12 doctors weighed in:
Why would a thyroidectomy final pathology report (not fna) be inconclusive (goiter vs follicular neoplasm)?
12 doctors weighed in

Dr. Liawaty Ho
Internal Medicine - Hematology & Oncology
8 doctors agree
In brief: Second opinion
If after a thyroidectomy, your local pathologist still can't differentiate between goiter or cancer ask your doc to request the pathologist to send the tissue to a bigger referral institution for a second opinion.

In brief: Second opinion
If after a thyroidectomy, your local pathologist still can't differentiate between goiter or cancer ask your doc to request the pathologist to send the tissue to a bigger referral institution for a second opinion.
Dr. Liawaty Ho
Dr. Liawaty Ho
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1 comment
Dr. Richard Orr
Have you seen the actual path report? Typically, goiter is a lay term and not often seen in path reports. If the pathologist is saying that it is totally benign, it really doesn't matter if it was a "goiter" or a follicular neoplasm. But, follicular neoplasms can be hard to distinguish from low grade follicular carcinoma, and eventually the pathologist has to make a call one way or the other. There are pathology endocrine experts available for second opinions in these difficult cases.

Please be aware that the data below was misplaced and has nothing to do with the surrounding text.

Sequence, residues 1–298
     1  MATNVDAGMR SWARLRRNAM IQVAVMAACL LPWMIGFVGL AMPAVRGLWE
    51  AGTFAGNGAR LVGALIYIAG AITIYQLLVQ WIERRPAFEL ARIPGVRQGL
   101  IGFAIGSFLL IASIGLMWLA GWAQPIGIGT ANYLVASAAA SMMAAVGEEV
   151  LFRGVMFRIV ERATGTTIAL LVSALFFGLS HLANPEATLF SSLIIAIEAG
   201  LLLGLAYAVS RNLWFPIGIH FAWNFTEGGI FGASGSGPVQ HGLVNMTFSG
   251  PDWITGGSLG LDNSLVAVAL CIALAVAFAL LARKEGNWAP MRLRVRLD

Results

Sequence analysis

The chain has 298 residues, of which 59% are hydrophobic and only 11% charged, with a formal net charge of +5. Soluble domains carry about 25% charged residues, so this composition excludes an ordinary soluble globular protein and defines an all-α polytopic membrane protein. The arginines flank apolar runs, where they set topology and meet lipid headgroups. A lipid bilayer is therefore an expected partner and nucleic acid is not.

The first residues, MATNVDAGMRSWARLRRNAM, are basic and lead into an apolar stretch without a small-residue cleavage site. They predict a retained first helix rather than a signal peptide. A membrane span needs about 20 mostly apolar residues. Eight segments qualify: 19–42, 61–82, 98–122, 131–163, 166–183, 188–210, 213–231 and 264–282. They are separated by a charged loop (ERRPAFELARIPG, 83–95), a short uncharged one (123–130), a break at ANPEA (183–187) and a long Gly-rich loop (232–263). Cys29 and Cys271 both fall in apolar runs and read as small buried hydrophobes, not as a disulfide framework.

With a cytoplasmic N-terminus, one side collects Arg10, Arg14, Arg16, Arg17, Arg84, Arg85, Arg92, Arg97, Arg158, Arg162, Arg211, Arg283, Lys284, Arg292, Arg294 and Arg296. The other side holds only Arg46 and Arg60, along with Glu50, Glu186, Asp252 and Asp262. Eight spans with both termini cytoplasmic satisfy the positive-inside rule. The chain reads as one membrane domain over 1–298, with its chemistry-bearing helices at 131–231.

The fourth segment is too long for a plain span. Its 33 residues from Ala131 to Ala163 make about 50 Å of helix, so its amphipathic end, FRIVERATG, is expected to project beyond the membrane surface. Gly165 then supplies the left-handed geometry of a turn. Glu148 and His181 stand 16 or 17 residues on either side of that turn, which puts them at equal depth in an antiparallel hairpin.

Dr. Ed Friedlander
Pathology
1 doctor agrees
In brief: On a continuum
The truth is that common nodular goiter shows the same microscopic pattern and some of the same mutations as do the tame follicular neoplasms.
They're on a continuum. The burning question is really, "is this a malignant follicular neoplasm?" if the pathologist can say, "no", you're home free -- congratulations. Any concerns -- get a few more pathologists! good luck.

In brief: On a continuum
The truth is that common nodular goiter shows the same microscopic pattern and some of the same mutations as do the tame follicular neoplasms.
They're on a continuum. The burning question is really, "is this a malignant follicular neoplasm?" if the pathologist can say, "no", you're home free -- congratulations. Any concerns -- get a few more pathologists! good luck.
Dr. Ed Friedlander
Dr. Ed Friedlander
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Dr. Dan Fisher
Internal Medicine
1 doctor agrees
In brief: Medicine is hard
Nothing in medicine is ever black and white, and thyroid is notoriously hard to read.
Your pathologist probably has many years of looking at thyroid and would be happy to call it if they could... But sometimes cells don't talk.

In brief: Medicine is hard
Nothing in medicine is ever black and white, and thyroid is notoriously hard to read.
Your pathologist probably has many years of looking at thyroid and would be happy to call it if they could... But sometimes cells don't talk.
Dr. Dan Fisher
Dr. Dan Fisher
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